Anyway, if you go crazy and try to imagine what Twitter might become, you can see that a lot of what it is is in the Flickr metadata without the thing in the middle -- the picture. I've been urging Twitter to support payloads for years now. I can't imagine why they're not doing it. One piece of metadata is all that's needed, minimally, the URL pointing to the picture. Today we have to cram it into the 140 characters. Meanwhile they're advancing, adding geographic data and lists and retweets, all of which add little bits of data to a tweet, but for some reason they won't add the url. Which gets back to the question. Can you imagine that Twitter will never get this feature? No, of course not. It will someday get it. Why not get it over with?

Techmeme curiosity Permanent link to this item in the archive.

A picture named tweetophone.jpgFirst a prediction -- some people are going to say I'm writing this because I want to be on Techmeme. They are entitled to say that, but they are wrong. I am neutral about it. If a story of mine belongs on Techmeme, it should be there, if not, it shouldn't. And it isn't up to me to decide, it's up to the people who run Techmeme.

Also, please read this whole post before commenting, not just one paragraph or phrase, because it's complicated.

I've always believed that Techmeme was a combination of a bot and human judgement. This was confirmed a few months back when Gabe, the guy who runs the site, hired a human editor.

I've disabled their bot by including a line in my robots.txt file that tells them not to crawl the site. But there is no such thing for the human beings, you can't make it so that a person can't read your site. So I always thought that if one of the humans at Techmeme thought something I wrote was interesting, they would publish a link to it. As far as I know this has never happened. (And I watch pretty carefully.)

Sometimes I take the block out of the robots.txt file to see what will happen. In those cases my pieces often turn up on Techmeme, almost never as a major item, rather as part of the "chorus" -- commenting on one of the major articles. I'm often in the chorus with the story everyone is reacting to, including the guy who got top billing. I don't know how this happens, but it's a large part of why I block their bot. I really dislike the chorus. It's what makes the blogosphere like a mail list. You end up with a lot of people chiming in with nothing to add, who just want the flow from being there.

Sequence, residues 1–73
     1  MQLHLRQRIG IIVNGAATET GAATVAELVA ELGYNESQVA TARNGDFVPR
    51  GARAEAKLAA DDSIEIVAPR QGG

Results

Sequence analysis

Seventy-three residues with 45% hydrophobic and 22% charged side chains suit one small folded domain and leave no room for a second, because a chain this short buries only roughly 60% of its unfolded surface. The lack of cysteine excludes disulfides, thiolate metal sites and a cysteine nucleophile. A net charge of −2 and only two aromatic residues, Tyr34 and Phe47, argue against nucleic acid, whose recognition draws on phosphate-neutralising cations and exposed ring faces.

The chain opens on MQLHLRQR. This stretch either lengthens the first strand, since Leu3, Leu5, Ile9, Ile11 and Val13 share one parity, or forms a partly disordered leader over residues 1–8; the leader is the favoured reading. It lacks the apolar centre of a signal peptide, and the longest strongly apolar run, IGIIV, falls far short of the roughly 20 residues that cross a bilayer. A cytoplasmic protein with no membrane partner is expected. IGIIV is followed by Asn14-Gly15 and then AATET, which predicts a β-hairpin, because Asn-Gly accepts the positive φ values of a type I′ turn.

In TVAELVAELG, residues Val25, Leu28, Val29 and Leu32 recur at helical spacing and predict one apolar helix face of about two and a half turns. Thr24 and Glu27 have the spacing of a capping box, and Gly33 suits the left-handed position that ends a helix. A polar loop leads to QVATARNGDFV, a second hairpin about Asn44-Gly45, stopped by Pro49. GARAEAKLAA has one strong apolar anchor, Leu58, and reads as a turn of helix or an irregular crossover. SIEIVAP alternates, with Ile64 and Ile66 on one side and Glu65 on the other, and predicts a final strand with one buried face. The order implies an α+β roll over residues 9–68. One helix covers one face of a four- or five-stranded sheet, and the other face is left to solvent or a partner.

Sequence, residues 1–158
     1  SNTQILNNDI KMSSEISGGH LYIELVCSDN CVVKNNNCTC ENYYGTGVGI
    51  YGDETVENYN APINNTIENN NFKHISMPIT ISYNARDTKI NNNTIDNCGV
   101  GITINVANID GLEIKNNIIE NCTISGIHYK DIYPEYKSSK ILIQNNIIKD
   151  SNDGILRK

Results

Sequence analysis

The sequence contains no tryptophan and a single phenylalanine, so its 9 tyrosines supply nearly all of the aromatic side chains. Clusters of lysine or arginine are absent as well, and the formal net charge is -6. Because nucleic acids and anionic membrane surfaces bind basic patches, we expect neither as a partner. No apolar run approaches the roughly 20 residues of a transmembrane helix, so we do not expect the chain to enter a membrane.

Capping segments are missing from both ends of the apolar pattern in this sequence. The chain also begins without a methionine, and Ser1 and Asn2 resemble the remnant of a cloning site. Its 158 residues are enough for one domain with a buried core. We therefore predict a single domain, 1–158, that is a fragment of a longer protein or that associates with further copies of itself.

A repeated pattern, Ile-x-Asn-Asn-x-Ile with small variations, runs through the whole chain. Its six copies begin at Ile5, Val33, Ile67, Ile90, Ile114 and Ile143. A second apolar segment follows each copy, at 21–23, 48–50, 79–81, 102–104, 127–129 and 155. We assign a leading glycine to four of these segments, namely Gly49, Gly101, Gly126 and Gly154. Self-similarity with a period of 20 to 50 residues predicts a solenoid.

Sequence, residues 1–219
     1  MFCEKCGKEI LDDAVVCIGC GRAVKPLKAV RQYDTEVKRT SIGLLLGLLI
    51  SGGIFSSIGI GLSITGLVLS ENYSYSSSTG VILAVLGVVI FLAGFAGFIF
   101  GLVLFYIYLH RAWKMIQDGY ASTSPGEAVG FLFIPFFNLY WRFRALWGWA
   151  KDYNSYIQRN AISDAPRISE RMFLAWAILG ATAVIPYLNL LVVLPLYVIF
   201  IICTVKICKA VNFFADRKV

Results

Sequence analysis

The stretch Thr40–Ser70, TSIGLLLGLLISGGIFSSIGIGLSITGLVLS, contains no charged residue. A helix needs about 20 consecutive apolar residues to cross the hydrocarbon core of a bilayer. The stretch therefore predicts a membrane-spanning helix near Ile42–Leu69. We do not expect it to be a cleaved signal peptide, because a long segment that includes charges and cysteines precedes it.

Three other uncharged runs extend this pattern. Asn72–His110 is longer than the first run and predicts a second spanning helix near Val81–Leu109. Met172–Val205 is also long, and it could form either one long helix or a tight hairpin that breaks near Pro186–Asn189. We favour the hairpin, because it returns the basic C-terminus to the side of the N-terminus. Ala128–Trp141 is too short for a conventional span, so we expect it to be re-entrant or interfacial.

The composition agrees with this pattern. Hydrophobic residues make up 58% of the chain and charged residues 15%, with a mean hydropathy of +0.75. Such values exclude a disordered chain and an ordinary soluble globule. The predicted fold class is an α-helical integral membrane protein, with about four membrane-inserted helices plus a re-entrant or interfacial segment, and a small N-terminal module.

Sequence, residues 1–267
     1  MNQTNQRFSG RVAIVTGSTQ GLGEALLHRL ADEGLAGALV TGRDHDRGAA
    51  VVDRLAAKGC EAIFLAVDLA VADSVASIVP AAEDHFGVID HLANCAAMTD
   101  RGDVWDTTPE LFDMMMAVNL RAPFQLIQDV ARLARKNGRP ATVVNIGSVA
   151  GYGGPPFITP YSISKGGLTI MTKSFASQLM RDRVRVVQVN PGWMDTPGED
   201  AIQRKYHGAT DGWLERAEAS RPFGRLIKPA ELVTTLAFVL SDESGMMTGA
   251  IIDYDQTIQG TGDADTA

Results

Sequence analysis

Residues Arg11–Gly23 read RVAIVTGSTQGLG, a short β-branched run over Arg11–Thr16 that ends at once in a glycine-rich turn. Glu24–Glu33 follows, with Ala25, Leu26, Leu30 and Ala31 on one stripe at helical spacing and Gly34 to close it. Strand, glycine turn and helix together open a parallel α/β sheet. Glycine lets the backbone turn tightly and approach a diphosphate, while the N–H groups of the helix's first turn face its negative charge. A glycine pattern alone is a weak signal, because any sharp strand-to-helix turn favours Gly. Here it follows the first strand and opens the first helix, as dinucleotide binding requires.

Anyway, what made me think of it is that today Charles Arthur at the Guardian has a nice piece which is centered on my review of Twitter's lists. It's getting a good run on Techmeme. If Techmeme were doing their job well, they'd flip it around and present it as him commenting on the original piece. I'm saying this in case Gabe and Company think the bit in the robots.txt is a prohibition on their human editors. It is not. Read up on robots.txt if you don't believe me. It's all about robots. ;->


Last update: Friday, October 16, 2009 at 12:16 PM Pacific.

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Leon Winer

A picture named dave.jpgDave Winer, 54, pioneered the development of weblogs, syndication (RSS), podcasting, outlining, and web content management software; former contributing editor at Wired Magazine, research fellow at Harvard Law School, entrepreneur, and investor in web media companies. A native New Yorker, he received a Master's in Computer Science from the University of Wisconsin, a Bachelor's in Mathematics from Tulane University and currently lives in Berkeley, California.

"The protoblogger." - NY Times.

"The father of modern-day content distribution." - PC World.

One of BusinessWeek's 25 Most Influential People on the Web.

"Helped popularize blogging, podcasting and RSS." - Time.

"The father of blogging and RSS." - BBC.

"RSS was born in 1997 out of the confluence of Dave Winer's 'Really Simple Syndication' technology, used to push out blog updates, and Netscape's 'Rich Site Summary', which allowed users to create custom Netscape home pages with regularly updated data flows." - Tim O'Reilly.